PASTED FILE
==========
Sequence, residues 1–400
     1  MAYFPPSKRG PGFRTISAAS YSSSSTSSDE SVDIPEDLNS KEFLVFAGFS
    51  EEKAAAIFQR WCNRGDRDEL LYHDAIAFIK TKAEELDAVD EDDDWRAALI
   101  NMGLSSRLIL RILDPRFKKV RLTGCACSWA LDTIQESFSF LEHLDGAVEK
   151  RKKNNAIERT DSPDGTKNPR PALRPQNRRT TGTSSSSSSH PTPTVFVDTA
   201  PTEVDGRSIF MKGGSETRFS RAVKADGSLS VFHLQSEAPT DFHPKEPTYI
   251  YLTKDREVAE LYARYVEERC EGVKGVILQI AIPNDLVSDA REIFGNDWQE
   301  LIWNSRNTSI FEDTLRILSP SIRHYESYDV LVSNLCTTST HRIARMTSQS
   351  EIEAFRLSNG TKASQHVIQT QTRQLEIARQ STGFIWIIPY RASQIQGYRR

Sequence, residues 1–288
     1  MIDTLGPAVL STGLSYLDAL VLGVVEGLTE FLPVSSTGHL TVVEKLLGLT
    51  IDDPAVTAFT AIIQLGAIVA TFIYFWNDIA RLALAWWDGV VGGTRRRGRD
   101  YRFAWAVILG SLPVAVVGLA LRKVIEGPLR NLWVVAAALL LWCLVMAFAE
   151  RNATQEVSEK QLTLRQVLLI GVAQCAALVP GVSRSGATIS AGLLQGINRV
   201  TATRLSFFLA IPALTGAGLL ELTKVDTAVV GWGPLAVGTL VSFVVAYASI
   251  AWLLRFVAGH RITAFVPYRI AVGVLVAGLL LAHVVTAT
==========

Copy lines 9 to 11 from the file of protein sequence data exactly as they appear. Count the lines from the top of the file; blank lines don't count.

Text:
   351  EIEAFRLSNG TKASQHVIQT QTRQLEIARQ STGFIWIIPY RASQIQGYRR

Sequence, residues 1–288
     1  MIDTLGPAVL STGLSYLDAL VLGVVEGLTE FLPVSSTGHL TVVEKLLGLT